Scene IV. A plain in Denmark.
[Enter Fortinbras, and Forces marching.]
Go, Captain, from me greet the Danish king:
Tell him that, by his license,
Craves the conveyance of a promis'd march
Over his kingdom. You know the
If that his majesty would aught with us,
We shall express our duty in his
And let him know so.
I will do't, my lord.
Go softly on.
[Exeunt all For. and Forces.]
[Enter Hamlet, Rosencrantz, Guildenstern, &c.]
Good sir, whose powers are these?
They are of Norway, sir.
How purpos'd, sir, I pray you?
Against some part of Poland.
Who commands them, sir?
The nephew to old Norway, Fortinbras.
Goes it against the main of Poland, sir,
Or for some frontier?
Truly to speak, and with no addition,
We go to gain a little patch of
That hath in it no profit but the name.
To pay five ducats, five, I would not
Nor will it yield to Norway or the Pole
A ranker rate, should it be sold in
Why, then the Polack never will defend it.
Yes, it is already garrison'd.
Two thousand souls and twenty thousand ducats
Will not debate the question of
This is the imposthume of much wealth and peace,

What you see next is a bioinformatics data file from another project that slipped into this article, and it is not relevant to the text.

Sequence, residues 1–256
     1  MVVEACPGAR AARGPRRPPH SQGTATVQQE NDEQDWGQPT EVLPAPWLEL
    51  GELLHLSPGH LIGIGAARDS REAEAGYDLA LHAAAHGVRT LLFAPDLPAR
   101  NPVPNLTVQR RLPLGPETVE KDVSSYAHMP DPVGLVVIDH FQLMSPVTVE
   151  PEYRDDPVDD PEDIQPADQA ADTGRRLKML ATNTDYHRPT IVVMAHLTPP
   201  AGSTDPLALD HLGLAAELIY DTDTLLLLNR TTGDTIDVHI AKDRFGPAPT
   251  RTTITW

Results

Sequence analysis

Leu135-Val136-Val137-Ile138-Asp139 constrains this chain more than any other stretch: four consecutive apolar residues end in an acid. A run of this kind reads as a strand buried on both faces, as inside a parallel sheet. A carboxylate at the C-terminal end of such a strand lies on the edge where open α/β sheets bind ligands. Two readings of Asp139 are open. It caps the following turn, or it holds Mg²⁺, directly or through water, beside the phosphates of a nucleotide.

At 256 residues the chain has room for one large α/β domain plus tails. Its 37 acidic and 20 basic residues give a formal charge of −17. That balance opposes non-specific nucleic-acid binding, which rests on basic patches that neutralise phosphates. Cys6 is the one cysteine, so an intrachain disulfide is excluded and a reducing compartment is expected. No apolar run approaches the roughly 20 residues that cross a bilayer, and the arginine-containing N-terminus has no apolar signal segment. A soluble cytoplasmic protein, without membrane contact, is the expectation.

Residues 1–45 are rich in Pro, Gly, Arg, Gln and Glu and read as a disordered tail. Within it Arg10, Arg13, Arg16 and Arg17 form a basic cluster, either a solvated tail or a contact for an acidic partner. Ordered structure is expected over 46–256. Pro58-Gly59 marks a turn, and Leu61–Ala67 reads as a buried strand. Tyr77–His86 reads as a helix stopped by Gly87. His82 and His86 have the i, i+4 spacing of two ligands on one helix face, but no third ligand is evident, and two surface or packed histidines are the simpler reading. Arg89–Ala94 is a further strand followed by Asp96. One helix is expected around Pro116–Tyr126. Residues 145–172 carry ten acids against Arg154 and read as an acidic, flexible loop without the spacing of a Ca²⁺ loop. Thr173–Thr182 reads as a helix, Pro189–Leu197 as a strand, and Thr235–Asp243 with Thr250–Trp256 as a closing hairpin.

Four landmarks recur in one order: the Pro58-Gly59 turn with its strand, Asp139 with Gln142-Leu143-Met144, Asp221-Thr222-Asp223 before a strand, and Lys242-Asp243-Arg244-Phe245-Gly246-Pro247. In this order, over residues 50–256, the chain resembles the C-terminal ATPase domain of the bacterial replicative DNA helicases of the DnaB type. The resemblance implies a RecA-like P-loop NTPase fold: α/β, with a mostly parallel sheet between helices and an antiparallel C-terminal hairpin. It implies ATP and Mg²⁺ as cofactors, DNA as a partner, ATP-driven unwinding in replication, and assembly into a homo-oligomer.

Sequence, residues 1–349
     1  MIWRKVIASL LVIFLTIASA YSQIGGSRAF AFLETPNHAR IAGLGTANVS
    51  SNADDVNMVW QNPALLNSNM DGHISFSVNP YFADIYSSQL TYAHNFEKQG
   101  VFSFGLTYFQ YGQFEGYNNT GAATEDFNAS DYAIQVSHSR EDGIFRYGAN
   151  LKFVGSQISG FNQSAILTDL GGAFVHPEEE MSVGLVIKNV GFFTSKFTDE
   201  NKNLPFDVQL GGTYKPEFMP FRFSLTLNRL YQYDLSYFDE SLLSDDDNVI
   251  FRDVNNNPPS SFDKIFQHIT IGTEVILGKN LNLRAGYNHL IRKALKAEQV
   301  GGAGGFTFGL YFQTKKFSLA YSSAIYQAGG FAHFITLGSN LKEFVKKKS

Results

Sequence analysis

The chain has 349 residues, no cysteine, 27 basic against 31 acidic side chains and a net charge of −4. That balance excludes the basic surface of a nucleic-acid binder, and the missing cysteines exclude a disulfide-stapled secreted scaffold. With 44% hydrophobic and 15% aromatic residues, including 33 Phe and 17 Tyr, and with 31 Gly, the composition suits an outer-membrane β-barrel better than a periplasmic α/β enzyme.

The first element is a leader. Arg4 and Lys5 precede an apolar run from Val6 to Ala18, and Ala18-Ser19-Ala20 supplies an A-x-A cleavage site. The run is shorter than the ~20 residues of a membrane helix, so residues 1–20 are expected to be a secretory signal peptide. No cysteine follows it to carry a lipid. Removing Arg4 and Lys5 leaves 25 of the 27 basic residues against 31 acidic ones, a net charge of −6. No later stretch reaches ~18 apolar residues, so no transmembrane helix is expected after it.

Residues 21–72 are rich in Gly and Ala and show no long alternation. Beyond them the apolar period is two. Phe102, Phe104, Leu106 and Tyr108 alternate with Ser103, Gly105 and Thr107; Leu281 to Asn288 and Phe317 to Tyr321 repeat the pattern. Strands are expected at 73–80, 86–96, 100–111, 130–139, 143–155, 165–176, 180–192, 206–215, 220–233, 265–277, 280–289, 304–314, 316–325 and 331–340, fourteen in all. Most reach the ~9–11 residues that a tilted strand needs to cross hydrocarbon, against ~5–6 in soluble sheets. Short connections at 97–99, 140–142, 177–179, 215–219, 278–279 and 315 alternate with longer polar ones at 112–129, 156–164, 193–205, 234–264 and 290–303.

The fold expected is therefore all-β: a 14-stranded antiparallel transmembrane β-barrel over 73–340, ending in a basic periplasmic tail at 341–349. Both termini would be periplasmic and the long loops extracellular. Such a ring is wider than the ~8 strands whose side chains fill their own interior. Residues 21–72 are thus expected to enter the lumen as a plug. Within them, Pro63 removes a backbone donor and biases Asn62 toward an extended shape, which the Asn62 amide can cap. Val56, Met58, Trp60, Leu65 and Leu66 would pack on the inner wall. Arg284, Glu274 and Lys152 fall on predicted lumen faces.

That inward breaks, and
shows no cause without
Why the man dies.--I humbly thank you, sir.
God b' wi' you, sir.
Will't please you go, my lord?
I'll be with you straight. Go a little before.
[Exeunt all but Hamlet.]
How all occasions do inform against me
And spur my dull revenge! What is a man,
his chief good and market of his time
Be but to sleep and feed? a beast, no more.
he that made us with such large discourse,
Looking before and after, gave us not
capability and godlike reason
To fust in us unus'd. Now, whether it be
or some craven scruple
Of thinking too precisely on the event,--
A thought which,
quarter'd, hath but one part wisdom
And ever three parts coward,--I do not know
I live to say 'This thing's to do;'
Sith I have cause, and will, and strength, and
To do't. Examples, gross as earth, exhort me:
Witness this army, of such mass and
Led by a delicate and tender prince;
Whose spirit, with divine ambition
Makes mouths at the invisible event;
Exposing what is mortal and unsure
that fortune, death, and danger dare,
Even for an egg-shell. Rightly to be great
to stir without great argument,
But greatly to find quarrel in a straw
When honour's at
the stake. How stand I, then,
That have a father kill'd, a mother stain'd,
of my reason and my blood,
And let all sleep? while, to my shame, I see
death of twenty thousand men
That, for a fantasy and trick of fame,
Go to their graves
like beds; fight for a plot
Whereon the numbers cannot try the cause,
Which is not tomb
enough and continent
To hide the slain?--O, from this time forth,
My thoughts be bloody,
or be nothing worth!